Beckworth: Maybe, but the 10-year Treasury's 1.25%. That's still really low, and maybe if you focus on the short end the yield curve, rates are still close to zero here in the US. Maybe a better way to state this is we're trending, the long-term trend has been going down, down, down, and I do think that puts just out of necessity more pressure on fiscal policy to deliver. And you cite in your paper this debate about what is the proper measure of fiscal space, debt capacity, and you bring up the critique that Jason Furman and Larry Summers has of debt to GDP, also Olivier Blanchard's well-known talk he gave at the American Economic Association meetings about the R being less than G, or the cost of finance being less than the growth rate of the economy, and it's tended to be that way more often than not.
Beckworth: And so that has implications that financing can go on longer. So as long as R is less than G, you can run these deficits up to a point. And you cite this one part from the Jason Furman/Larry Summers piece, which I think gets to the flavor, the spirit of our conversation, and they say, "Today's country's cannot afford to avoid pursuing fiscal policies that are expansionary," and their point is, in a world where interest rates are going down, down, down, getting to the zero lower bound environment, if fiscal policy doesn't do anything, it's actually going to lead to some kind of deflationary trap, it's going to just make things worse. By doing nothing, you're doing something, and that something is tightening policy, tightening macro policy. But doing nothing is not a response, it's passively tightening macro policy, which is a very interesting perspective to have on that.
What we should really worry about is the future, and having enough income, then, when everybody is basically old and has long retired, and we're free to do that with the space right now.
Beckworth: So with all that aside, let's talk about your three big questions. And we've touched on them, but I'll do one by one and you can respond with your solution or your policy direction you like to see the country go, Germany go. And the first one is, what is the right objective for fiscal policy? Now, you touched on it already, but tell us again, why do you think your understanding of full capacity utilization is better than this kind of cyclical stabilization view?
The Right Objective for German Fiscal Policy
Sigl-Glöckner: So I mean, especially in a world as you described it right now, where fiscal policy has to basically take on firing up the economy, we really think there's no alternative to spending money to get the economy to full capacity or full employment. And when you stabilize a trend, but that trend has been below capacity, you just keep wasting capacity. And that sounds so technocratic, but first of all it means you keep people in unemployment, which is not a happy life. And secondly, even when you talk about it from a coldhearted fiscal point of view, when you have social security and pensions to pay for, you do not really want to stabilize an economy at a below-capacity trend, and then the European Union in particular, where we didn't have such a strong recovery after the financial crisis, I think that will be really dangerous to just be complacent and say, "Well, that's enough." And if monetary policy can't do anything, well, fiscal policy is constrained, as you said, it's just not.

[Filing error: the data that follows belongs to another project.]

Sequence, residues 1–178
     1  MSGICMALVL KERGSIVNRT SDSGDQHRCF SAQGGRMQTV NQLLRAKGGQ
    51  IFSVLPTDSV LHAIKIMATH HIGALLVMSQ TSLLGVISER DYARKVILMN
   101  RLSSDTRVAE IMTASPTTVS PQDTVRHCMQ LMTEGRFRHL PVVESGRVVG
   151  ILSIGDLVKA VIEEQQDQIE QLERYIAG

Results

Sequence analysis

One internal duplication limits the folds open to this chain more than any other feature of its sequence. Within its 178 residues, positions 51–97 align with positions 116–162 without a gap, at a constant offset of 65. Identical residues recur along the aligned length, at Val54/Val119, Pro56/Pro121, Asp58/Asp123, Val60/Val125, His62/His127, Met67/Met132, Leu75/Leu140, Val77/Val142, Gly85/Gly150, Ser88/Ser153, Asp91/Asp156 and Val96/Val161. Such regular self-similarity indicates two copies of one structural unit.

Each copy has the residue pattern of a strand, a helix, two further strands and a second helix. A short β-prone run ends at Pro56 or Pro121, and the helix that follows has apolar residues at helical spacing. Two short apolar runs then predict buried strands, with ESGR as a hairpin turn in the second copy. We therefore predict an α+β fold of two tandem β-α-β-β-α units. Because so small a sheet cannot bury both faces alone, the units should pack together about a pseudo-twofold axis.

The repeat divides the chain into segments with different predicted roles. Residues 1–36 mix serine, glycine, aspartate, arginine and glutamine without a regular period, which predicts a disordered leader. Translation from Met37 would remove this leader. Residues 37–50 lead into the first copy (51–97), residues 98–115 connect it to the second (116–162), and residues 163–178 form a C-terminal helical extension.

Beckworth: Yeah. So your argument is that Germany should pursue full capacity utilization of the economy. So run it hot, get everyone back to work, all parts of the economy just running along. What does that mean, how do you measure that, I guess is my next question. So that's the right objective, how do you know when we're there?
Sigl-Glöckner: Sure, that's kind of the million dollar question, right? So as the Fed, I think we were being hypocritical when we thought we were smarter than the Fed, we don't think you can really measure it very well. But we think we can make progress from where we are today. So today, in our fiscal policy framework, and basically all current potential output calculations, we think full capacity is reached when we are where we were in the past. So we think, "Well, maybe we can do a little better than that," and when you look at the inputs to that calculation, especially on the labor side, there's some fairly obvious improvements. In Germany, for instance, we have very, very high share of part-time employment. So then I think one obvious thing would be to get rid of involuntary part-time employment, and to say, "Well, the economy isn't at full capacity as long as there's involuntary part-time employment”, I mean, we just know these people want to work if they could, and there is space.